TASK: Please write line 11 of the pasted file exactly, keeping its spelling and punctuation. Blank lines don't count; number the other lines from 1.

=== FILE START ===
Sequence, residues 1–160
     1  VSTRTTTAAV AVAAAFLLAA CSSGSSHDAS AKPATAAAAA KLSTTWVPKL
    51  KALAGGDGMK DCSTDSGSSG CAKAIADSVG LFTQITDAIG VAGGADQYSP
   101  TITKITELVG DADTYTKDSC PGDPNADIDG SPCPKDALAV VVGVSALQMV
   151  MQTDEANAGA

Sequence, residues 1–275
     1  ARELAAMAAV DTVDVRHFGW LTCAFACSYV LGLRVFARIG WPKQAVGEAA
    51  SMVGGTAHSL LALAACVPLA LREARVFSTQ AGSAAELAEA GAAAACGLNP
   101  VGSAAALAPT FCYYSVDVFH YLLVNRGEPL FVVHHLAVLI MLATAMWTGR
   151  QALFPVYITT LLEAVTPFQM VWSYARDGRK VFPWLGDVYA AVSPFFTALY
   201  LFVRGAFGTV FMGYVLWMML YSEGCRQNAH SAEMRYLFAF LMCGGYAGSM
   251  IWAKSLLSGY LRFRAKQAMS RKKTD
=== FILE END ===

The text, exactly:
   201  LFVRGAFGTV FMGYVLWMML YSEGCRQNAH SAEMRYLFAF LMCGGYAGSM